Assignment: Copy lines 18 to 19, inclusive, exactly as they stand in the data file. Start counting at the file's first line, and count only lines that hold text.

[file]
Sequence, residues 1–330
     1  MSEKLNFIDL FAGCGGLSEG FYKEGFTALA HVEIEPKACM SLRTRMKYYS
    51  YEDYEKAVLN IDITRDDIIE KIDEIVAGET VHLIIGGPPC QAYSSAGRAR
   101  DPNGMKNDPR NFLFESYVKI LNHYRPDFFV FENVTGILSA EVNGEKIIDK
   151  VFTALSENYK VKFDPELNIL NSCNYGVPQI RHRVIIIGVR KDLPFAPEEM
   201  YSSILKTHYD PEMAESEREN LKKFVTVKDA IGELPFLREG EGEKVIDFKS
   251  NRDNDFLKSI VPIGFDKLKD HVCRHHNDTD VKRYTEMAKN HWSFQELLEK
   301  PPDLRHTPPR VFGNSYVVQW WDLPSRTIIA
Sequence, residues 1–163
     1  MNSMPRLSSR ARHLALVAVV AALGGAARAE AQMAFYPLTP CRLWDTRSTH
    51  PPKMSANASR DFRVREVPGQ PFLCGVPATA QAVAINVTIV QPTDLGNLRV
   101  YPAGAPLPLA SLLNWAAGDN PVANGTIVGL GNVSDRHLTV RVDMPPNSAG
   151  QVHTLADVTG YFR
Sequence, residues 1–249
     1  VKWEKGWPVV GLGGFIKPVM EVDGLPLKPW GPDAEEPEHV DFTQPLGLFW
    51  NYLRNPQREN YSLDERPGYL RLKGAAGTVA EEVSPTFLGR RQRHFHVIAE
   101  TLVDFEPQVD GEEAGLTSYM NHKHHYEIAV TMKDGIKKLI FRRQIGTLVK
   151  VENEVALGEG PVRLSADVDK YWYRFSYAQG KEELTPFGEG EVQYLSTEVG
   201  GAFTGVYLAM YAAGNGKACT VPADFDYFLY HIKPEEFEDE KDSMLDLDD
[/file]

   151  VENEVALGEG PVRLSADVDK YWYRFSYAQG KEELTPFGEG EVQYLSTEVG
   201  GAFTGVYLAM YAAGNGKACT VPADFDYFLY HIKPEEFEDE KDSMLDLDD